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Note: In this question I compare two versions of code and try to understand why they produce different output. Links to running examples of the two versions on play.golang.org are FIG1 and FIG2.


I'm working through the Go Concurrency Patterns slides that Rob Pike presented at Google I/O 2012 and the example on Sequencing is a bit confusing. On Slide 29 there's an example of how to restore sequencing after multiplexing. In short, messages from multiple channels are multiplexed into a single channel and each Message structure shares a channel called "waitForIt". This channel is meant to ensure that the service that provides the messages (in the referenced example the boring service) and the client of the service are in sequence. I don't understand why, in order to have a sequencing of A-B-A-B-A-B, the client must send 2 waits over the waitForIt channel:

FIG1

for i := 0; i < 10; i++ {
    msg1 := <-c
    fmt.Printf("%s\n", msg1.str)
    msg2 := <-c
    fmt.Printf("%s\n", msg2.str)
    msg1.wait <- true
    msg2.wait <- true  /* why is this second wait necessary? */
}

Why are two waits necessary if the Message struct is sharing the same channel? Shouldn't a single <-wait be sufficient, i.e.

FIG2

for i := 0; i < 10; i++ {
    msg1 := <-c
    fmt.Printf("%s\n", msg1.str)
    msg2 := <-c
    fmt.Printf("%s\n", msg2.str)
    msg1.wait <- true
}

Yet when a single wait is used, Message 1 is repeated twice at beginning of the output and then the sequencing A-B-A-B... ensues, so that what's output is:

Message 1: Iteration 0
Message 2: Iteration 0
Message 1: Iteration 1 // Message 1 is repeated twice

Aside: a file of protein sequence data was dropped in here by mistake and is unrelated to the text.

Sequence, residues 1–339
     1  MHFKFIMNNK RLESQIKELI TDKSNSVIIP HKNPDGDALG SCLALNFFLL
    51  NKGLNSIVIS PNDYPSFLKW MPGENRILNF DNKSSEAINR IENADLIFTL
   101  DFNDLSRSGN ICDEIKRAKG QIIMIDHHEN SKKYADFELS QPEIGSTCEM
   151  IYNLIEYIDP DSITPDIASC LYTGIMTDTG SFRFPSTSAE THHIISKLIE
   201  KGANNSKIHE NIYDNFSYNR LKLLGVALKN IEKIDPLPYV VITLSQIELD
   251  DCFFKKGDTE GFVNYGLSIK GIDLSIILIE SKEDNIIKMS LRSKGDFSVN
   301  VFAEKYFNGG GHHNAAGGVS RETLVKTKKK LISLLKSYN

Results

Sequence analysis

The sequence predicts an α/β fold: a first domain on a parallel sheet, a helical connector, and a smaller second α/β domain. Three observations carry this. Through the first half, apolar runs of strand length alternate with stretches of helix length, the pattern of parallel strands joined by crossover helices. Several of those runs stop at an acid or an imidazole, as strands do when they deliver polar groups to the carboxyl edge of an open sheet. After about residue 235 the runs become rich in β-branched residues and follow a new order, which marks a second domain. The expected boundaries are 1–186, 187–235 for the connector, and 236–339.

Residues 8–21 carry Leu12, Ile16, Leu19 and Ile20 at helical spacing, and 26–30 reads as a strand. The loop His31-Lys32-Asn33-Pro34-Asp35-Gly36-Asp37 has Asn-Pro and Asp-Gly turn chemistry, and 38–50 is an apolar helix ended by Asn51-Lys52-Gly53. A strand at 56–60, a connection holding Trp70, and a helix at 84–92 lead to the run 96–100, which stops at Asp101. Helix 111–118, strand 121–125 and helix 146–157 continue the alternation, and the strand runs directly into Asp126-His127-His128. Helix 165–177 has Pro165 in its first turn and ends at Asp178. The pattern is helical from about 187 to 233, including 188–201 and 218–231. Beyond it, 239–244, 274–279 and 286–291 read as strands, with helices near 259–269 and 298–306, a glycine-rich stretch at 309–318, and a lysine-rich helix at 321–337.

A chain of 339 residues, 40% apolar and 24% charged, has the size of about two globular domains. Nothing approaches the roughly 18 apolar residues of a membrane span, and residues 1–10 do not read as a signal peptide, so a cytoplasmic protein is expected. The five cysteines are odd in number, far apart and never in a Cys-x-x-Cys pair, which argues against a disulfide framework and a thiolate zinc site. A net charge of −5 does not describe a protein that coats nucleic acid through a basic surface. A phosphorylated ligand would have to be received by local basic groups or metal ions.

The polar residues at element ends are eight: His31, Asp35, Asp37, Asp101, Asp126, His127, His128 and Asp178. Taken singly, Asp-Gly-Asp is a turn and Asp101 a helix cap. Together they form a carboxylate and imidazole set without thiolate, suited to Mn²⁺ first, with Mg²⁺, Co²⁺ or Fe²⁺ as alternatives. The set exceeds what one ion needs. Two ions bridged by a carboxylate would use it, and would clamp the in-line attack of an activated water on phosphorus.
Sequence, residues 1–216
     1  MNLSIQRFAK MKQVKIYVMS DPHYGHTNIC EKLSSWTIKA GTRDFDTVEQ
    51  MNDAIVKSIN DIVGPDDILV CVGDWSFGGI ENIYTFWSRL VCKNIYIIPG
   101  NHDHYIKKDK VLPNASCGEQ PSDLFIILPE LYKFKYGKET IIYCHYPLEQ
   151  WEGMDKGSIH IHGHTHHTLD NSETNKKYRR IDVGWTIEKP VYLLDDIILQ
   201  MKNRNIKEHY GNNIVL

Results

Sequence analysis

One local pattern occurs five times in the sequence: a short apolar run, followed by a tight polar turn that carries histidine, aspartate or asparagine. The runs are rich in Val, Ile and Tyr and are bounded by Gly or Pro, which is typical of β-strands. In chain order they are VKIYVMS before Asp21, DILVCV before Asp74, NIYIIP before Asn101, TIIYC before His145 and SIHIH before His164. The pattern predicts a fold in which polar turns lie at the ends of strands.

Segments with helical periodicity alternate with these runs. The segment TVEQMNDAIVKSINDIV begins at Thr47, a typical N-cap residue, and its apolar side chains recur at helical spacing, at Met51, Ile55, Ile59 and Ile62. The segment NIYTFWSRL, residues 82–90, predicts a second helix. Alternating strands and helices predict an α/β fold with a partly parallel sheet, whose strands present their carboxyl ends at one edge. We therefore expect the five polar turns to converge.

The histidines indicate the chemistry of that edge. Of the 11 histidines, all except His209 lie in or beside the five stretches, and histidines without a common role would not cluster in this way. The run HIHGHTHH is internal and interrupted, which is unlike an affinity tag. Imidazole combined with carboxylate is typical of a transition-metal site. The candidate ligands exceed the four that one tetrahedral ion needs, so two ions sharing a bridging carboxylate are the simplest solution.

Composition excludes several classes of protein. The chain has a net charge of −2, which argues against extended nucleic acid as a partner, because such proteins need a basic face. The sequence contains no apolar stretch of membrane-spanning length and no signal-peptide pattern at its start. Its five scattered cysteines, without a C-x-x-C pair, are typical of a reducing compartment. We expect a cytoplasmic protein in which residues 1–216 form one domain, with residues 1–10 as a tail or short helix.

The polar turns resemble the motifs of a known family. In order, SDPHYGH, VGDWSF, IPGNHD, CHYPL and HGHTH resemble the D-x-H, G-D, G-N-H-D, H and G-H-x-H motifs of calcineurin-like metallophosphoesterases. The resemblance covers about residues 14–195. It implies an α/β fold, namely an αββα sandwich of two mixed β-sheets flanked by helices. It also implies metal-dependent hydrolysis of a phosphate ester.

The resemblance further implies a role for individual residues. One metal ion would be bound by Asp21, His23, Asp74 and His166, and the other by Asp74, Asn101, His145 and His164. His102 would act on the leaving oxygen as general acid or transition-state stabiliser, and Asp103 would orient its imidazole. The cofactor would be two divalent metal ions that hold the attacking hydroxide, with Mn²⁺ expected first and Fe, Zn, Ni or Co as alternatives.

Message 1: Iteration 2 // Here's the repetition
Message 2: Iteration 1
Message 1: Iteration 3
Message 2: Iteration 2
Message 1: Iteration 4
Message 2: Iteration 3
Message 1: Iteration 5

When there's two sends into the wait variable, as in FIG1, the sequencing is A-B-A-B... from the beginning:

Message 1: Iteration 0
Message 2: Iteration 0
Message 1: Iteration 1
Message 2: Iteration 1
Message 1: Iteration 2
Message 2: Iteration 2
Message 1: Iteration 3
Message 2: Iteration 3
Message 1: Iteration 4
Message 2: Iteration 4

Why is the second send into wait on the same channel required for a correct sequence?

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Reading the proper example [1] I guess that you already may know why you need both "wait for it".

Just in case:

You read two messages from the channel. Each message generator (goroutine inside boring) is waiting for a "wait for it". So you need to send two "wait for it", otherwise one of them will keep waiting.

If you send only one "true" through the channel then Joe receives its "wait for it" and can send a new message but Ann keeps waiting(or reversed).

I guess that at this point your program will be deadlocked. You want to read two messages, but you can receive only one (from Joe).

I have not tested it but I think so. Let me know if I'm wrong.

[1] http://talks.golang.org/2012/concurrency/support/sequenceboring.go

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1  
Yes, that was my conclusion as well. The benefit of this is that it allows a client who's receiving messages from any number of Messengers over a multiplexed channel to guarantee the order in which the Messages are received the first iteration will be preserved in all subsequent iterations. This is why it's called sequencing. – Nate Jun 3 '13 at 20:41

The sequencing examples above are incorrect. The correct examples can be found here.

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